At the memorial vigil, Bennett Gulliver told how his brother Nate had loved to play basketball, sinking baskets on the courts up the street from the house where he rented his room, and how affectionate he was with his grandnieces and -nephews.
“I was jealous—I thought they liked him better, than me, their own grandfather,” Bennett Gulliver, a big man with a warm smile, said. “He played with them all the time. He used to call one of the boys, the 2-year-old, ‘Jamal,’ for Jamal Lewis, because he was so fast and hard to catch.”
Steven Matthews had two other major preoccupations in his life other than his addiction; one of them was music. An accomplished percussionist, he had played with band members from Prince and Patti LaBelle’s bands and Earth, Wind, and Fire, his sister Elizabeth Jones says. In fact, he was scheduled to play with local singer/songwriter Jeff Coulson at the Horse You Came in On in Fells Point several times over the next month at the time of his death. A mutual friend in recovery says she was on her way to pick up Matthews to take him to a rehearsal with Coulson the night Matthews was shot to death.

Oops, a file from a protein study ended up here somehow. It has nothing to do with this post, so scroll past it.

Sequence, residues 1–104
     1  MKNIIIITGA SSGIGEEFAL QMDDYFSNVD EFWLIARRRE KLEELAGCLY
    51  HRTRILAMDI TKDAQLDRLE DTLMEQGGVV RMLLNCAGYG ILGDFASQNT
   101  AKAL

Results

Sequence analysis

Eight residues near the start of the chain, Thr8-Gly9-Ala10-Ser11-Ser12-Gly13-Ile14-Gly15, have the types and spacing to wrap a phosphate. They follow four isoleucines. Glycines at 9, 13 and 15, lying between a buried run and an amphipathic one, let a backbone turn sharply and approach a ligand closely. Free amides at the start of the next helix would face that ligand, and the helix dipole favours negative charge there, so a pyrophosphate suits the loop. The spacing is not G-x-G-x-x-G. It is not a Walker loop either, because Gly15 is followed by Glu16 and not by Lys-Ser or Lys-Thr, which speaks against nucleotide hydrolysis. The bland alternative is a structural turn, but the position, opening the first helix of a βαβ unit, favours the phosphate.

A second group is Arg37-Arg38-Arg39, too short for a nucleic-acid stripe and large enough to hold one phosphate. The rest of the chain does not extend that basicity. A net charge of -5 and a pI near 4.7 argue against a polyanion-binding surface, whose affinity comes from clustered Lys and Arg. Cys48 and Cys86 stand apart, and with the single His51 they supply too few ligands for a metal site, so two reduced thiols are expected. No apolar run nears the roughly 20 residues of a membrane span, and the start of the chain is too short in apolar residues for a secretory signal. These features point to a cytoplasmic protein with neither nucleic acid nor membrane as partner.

“In fact, I’m going to be recording some new tracks for an upcoming CD, a project I’m real excited about with Mitch Allen producing it at Dave Grohl’s studio in Virginia,” Coulson says. “Steve was going to be a part of that.”
A former Baltimore City public-school music teacher, Matthews had 10 years of clean and sober time at one point before relapsing on the road three years ago. He had a terrible time since trying to regain a life that had been lost, friends and family say. His steel drums, a cherished possession, are still in hock at a pawn shop somewhere in Baltimore, his sister says, adding that his family is now trying to locate the set.